What kind of world do you want?
As an American, born and bred in the United States, I - along with most citizens of Western culture - have matured to recognize and address others of this world in either of two ways. I can initially be suspicious of another and require they earn my trust, or I can initially trust others until given cause to be suspicious.
Whale sculpture is wrong use of funds
I'm sure there will be many letters on this topic. I have expressed my opinion to the Juneau Assembly and urge all readers to do the same by e-mailing firstname.lastname@example.org.
Eagle permits could help developers
Fifty thousand bald eagles - plenty of them at the Juneau landfill - prove that the national bird isn't endangered in Alaska and never has been.
Muñoz set to take on Doll
Republican Cathy Muñoz is set to take on incumbent Democrat Andrea Doll in the fall general election after fending off a challenge from Stephanie Madsen in Tuesday's primary election for the Mendenhall Valley state House seat.
Ribbon cut at new high school
The ribbon was cut Tuesday at Thunder Mountain High School, the new Mendenhall Valley school that has long divided Juneau over questions of a need for a second high school.
Life-sized bronze whale sculpture gets funding
Proponents of a life-sized bronze whale sculpture planned for Marine Park downtown won a victory Monday night as the Juneau Assembly approved $500,000 in sales tax revenue to start the project.
Offer to accused drug dealer withdrawn
The lawyer of alleged drug smuggling ringleader Aaron Washington said in court Monday that his client was ready to take a state's deal and plead guilty to drug dealing charges.
Assembly puts playground on ballot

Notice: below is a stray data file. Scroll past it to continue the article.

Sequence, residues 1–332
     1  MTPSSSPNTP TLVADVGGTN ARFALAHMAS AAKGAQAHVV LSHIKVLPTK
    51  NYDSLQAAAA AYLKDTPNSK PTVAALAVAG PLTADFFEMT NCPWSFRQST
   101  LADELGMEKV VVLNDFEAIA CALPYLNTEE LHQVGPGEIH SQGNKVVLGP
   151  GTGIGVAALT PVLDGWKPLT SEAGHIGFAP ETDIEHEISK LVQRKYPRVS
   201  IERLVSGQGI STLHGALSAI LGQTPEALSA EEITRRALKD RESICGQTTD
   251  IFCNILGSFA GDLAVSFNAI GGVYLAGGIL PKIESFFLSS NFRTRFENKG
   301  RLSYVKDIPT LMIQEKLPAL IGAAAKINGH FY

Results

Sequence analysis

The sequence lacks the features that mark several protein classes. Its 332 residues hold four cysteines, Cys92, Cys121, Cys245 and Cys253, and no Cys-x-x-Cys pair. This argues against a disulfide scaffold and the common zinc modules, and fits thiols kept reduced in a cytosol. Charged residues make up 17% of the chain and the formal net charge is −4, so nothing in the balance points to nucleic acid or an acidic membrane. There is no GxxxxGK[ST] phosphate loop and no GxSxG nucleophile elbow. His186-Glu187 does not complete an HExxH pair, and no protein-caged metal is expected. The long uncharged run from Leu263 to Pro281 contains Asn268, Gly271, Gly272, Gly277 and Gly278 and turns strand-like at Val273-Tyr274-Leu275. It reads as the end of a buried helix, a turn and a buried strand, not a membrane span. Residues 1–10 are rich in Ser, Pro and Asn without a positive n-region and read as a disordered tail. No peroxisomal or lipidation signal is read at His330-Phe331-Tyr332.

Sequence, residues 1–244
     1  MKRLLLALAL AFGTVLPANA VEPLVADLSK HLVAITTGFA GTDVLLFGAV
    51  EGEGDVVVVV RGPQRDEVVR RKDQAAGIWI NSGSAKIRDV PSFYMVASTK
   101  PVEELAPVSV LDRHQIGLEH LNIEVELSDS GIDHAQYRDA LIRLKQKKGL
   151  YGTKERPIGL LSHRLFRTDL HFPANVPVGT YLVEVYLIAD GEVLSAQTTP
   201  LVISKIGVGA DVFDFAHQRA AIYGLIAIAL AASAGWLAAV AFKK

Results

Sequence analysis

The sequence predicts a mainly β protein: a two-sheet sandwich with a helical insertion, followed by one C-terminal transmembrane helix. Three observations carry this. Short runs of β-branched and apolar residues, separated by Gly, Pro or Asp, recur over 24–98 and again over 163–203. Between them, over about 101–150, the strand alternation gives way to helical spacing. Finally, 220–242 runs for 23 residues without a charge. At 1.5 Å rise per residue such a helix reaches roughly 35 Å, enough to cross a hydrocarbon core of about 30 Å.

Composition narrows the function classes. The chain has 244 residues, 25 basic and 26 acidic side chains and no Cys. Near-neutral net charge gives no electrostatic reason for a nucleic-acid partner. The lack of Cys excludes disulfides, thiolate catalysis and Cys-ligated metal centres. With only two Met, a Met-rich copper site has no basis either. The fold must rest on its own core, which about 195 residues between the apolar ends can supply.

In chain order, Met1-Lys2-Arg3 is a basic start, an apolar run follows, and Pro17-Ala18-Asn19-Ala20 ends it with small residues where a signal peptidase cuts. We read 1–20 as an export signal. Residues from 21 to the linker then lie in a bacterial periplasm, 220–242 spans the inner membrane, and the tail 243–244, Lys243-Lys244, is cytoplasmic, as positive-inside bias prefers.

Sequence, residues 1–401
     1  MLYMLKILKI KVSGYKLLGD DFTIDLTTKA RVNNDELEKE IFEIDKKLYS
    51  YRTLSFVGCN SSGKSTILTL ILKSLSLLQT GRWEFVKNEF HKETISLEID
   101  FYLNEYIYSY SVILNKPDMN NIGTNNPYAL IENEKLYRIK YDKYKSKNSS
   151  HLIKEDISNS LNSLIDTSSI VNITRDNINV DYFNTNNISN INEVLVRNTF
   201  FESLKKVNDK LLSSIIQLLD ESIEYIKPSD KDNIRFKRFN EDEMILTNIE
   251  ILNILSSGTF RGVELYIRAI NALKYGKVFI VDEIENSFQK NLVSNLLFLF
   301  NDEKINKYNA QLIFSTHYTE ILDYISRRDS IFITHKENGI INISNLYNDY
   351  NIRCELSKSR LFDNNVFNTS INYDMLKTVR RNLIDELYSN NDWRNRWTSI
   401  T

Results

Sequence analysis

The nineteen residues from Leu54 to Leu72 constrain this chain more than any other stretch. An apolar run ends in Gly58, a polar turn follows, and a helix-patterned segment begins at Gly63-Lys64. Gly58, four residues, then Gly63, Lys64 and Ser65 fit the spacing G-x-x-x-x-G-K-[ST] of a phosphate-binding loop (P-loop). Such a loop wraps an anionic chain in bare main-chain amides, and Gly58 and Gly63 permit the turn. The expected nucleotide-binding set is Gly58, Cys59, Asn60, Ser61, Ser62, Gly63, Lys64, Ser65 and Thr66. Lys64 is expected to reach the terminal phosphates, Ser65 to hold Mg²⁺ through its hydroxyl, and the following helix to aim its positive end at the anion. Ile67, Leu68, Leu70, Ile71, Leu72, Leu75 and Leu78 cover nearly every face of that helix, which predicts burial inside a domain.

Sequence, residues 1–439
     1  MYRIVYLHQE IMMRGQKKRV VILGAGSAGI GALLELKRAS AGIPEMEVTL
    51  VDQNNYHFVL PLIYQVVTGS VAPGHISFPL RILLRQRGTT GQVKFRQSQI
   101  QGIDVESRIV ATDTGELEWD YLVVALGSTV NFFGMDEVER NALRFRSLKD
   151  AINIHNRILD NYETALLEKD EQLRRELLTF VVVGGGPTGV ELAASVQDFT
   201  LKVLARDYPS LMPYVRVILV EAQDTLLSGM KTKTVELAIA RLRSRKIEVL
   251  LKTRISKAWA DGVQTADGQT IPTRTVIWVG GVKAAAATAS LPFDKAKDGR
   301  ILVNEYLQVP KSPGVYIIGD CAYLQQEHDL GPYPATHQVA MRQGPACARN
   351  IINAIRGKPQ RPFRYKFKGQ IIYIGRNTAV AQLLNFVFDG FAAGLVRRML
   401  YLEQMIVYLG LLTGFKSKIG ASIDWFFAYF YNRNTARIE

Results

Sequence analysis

Voters in October will be asked whether they want to fund part of a new covered play area at Dzantik'i Heeni Middle School, the Juneau Assembly decided Monday.
Whale sculpture funding likely to be reconsidered
A decision by the Juneau Assembly on Monday night on the funding of a bronze whale sculpture is likely to be reconsidered since Assembly member Randy Wanamaker gave notice of reconsideration after the vote.
Photos: Preparing for the primary
Reliable Transfer employees Matthew Austin, left, and Ray Rice set up the Mendenhall Valley No. 1 polling place Monday in the Mendenhall Mall. Below, Stella Barton casts her absentee ballot for the primary election at the Mendenhall Mall. The primary will be held today.
Photos: Presenting the colors at new school
Members of the Juneau Boy Scouts of America Troop 6 present the U.S. and Alaska flags Tuesday at the start of the Thunder Mountain High School Ribbon Cutting Ceremony.
Police & Fire
Juneau police and fire officials and state police reported:
Police & Fire
Juneau police and fire officials and state police reported:
Ralph Swap's letter on Aug. 21 incorrectly spelled his last name.
Photos: Weber Dance